The main supply outlet for Co-op grocery stores in southern Alberta and British Columbia is set to close in April as one of its main users takes its business elsewhere.
Federated Co-operatives Limited (FCL) announced Thursday it will close its Calgary food distribution centre in April, a decision it said will eliminate just over 200 jobs in the city.
The wind-down of the Calgary warehouse will begin “soon,” FCL said, and products for other co-ops in Alberta and B.C. will “gradually” be shipped by way of FCL warehouses in Edmonton and Saskatoon.
The closure follows Calgary Co-op’s announcement in August that it would halt its grocery procurement from FCL as of April 20 and will instead source groceries for its network of food stores from the Alberta distribution arm of Vancouver-based Save-on-Foods.
In a memo to member customers in August, Calgary Co-op said it’s “positioning our food business to further enhance our focus on Calgary with more local products and communications tailored specifically to you.”
Calgary Co-op, which by itself is one of the largest retail co-operatives in North America, includes food stores, fuel stations and convenience stores in Calgary, Airdrie, Cochrane, High River, Okotoks and Strathmore.
The co-operative said in August it plans to continue to source its fuel and convenience store products from FCL. Also, Calgary Co-op noted, its High River food store “will continue to be supplied by (FCL).”
“Our food stores operate in a very competitive environment under continuing challenging economic conditions in Calgary,” Calgary Co-op said in August, adding that the move “provides us with the flexibility to focus our merchandising, marketing and IT programs.”
Calgary Co-op grossed $1.3 billion in sales across its various business lines in 2018, including food, fuel, liquor, home centres, health care and cannabis products. Of that, $671.55 million was in food alone.
Calgary Co-op, in its 2018 annual report, said it holds about 10 per cent of the shares in FCL. Calgary Co-op’s total purchases from FCL in 2018, across all business lines, were valued at $720.5 million, representing about 70 per cent of the Calgary association’s total purchases that year.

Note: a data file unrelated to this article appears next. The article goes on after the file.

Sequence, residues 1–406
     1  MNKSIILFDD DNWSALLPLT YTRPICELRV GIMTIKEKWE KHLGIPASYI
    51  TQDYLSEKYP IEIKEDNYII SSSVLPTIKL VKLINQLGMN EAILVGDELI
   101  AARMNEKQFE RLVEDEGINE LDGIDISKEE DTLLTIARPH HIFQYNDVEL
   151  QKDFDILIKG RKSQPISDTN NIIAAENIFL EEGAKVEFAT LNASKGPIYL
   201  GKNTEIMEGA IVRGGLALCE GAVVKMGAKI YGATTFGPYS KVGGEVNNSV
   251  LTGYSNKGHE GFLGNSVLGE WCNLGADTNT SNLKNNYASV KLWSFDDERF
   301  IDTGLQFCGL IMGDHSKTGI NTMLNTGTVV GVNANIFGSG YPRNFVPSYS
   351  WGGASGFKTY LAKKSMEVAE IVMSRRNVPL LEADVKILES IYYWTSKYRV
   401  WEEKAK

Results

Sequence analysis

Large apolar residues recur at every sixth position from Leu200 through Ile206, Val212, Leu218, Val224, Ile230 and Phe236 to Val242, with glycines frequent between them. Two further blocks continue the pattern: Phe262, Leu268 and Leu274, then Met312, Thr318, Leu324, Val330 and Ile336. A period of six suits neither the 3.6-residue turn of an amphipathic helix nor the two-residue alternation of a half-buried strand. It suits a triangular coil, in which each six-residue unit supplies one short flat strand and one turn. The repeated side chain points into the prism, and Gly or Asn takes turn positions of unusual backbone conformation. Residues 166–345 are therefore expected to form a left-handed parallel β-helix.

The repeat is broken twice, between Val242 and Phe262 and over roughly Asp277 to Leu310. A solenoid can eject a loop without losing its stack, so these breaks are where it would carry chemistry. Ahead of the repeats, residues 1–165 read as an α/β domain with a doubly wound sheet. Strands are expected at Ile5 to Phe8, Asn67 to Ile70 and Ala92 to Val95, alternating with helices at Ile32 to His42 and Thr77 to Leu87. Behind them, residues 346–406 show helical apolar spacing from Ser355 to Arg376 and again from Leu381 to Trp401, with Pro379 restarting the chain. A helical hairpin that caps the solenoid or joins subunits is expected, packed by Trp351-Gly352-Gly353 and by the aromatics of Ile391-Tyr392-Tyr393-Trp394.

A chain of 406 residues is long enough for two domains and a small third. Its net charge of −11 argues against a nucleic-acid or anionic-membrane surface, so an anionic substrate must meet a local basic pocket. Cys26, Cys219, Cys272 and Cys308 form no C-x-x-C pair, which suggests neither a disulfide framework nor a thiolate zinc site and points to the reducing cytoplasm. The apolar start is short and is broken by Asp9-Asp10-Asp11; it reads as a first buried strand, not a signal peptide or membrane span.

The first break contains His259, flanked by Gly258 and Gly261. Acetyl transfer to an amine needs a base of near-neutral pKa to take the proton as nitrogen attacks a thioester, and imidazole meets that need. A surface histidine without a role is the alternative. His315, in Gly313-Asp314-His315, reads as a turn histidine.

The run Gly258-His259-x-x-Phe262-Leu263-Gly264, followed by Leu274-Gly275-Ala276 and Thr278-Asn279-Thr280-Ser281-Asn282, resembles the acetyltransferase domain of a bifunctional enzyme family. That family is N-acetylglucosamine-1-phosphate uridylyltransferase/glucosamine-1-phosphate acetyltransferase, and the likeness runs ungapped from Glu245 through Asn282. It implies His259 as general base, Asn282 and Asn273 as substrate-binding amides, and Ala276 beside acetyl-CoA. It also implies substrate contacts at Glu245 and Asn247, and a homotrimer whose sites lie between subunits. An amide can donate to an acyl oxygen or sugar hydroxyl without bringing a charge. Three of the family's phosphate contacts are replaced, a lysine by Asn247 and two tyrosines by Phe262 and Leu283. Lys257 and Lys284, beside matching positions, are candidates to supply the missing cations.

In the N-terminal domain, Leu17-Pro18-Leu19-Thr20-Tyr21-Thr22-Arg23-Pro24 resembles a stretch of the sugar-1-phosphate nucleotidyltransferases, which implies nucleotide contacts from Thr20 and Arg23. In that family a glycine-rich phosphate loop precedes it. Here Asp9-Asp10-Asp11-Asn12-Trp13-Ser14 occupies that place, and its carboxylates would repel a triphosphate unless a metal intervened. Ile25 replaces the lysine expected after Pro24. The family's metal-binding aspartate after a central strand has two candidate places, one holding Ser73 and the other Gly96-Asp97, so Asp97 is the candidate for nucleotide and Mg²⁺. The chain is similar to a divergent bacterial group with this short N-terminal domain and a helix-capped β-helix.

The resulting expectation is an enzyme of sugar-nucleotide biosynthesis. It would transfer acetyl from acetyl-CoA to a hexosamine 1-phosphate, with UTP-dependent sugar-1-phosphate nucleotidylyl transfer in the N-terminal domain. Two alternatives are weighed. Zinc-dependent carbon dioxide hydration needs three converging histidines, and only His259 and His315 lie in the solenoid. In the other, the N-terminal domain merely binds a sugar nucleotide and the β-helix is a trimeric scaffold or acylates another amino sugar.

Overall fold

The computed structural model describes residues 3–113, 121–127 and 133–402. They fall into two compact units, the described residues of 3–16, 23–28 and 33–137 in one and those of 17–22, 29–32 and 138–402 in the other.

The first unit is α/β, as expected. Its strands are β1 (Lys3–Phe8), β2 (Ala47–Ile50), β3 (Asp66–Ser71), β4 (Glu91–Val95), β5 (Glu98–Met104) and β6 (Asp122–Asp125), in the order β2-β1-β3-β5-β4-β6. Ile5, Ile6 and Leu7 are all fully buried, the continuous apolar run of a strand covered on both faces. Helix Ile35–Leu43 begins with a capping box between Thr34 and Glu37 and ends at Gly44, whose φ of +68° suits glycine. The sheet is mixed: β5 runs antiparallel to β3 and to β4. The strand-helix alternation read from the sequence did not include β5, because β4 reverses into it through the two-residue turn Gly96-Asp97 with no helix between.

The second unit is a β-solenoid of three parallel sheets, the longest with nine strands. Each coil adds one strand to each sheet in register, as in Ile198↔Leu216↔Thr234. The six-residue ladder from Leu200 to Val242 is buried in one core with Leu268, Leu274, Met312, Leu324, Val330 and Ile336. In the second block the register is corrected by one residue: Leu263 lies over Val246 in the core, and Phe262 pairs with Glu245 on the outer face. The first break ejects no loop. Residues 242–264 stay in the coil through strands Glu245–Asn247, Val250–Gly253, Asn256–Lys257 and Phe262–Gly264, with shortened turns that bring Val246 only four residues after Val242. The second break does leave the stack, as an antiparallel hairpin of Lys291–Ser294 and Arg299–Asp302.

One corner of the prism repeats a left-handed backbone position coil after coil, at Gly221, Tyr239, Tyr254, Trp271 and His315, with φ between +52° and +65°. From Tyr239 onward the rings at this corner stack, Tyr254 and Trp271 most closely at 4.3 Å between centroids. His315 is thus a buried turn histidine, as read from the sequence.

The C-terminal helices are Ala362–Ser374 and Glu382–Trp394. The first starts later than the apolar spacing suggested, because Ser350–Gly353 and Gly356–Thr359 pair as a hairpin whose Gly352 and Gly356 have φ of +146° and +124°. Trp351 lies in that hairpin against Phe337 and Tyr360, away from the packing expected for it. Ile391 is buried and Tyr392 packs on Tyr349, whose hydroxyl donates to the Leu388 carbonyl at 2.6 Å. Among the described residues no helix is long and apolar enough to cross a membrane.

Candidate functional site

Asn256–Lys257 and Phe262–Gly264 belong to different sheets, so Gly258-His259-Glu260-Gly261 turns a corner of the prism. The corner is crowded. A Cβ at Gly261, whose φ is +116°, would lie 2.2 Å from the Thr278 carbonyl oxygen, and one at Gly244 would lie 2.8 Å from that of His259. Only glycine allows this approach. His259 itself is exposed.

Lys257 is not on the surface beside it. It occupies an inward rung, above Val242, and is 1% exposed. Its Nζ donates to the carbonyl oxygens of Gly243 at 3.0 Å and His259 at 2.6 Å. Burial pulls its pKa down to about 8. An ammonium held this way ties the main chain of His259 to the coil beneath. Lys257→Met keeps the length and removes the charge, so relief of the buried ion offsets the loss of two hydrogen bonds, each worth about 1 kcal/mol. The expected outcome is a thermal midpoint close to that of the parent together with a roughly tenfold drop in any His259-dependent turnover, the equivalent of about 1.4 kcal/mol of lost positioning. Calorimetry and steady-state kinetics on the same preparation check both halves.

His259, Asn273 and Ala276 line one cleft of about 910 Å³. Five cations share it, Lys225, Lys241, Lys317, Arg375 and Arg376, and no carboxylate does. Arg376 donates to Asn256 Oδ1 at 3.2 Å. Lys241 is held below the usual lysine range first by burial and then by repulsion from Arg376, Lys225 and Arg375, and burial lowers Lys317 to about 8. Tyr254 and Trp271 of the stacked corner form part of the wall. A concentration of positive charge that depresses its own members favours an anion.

“In a city that’s already experiencing significant economic challenges, Calgary Co-op’s decision has led to more jobs being lost, and more families facing challenges,” FCL executive vice-president Vic Huard said Thursday in a release.
“By aligning itself with a competitor, Calgary Co-op has directly and negatively impacted our employees, their families, and Calgary’s economy.”
Also, FCL said, Calgary Co-op’s move is expected to reduce FCL revenue by $400 million, which in turn is expected to have a “negative effect” on profit-sharing returns from FCL to the 170 Western Canada co-ops involved in the Co-operative Retailing System.
That includes Calgary Co-op, which FCL said has received $186.4 million in such profit-sharing over the five-year period ending in 2018.
Saskatoon-based FCL “will also continue to evaluate all aspects of our operations to determine if further steps need to be taken,” Huard said.
Some Calgary Co-op members, he said, “have contacted us asking how this decision to move to a competitor happened without Calgary Co-op’s members being consulted. That’s not something we can answer — it’s really a question they need to ask the CEO and board of the co-op that they, as members, own.” — Glacier FarmMedia Network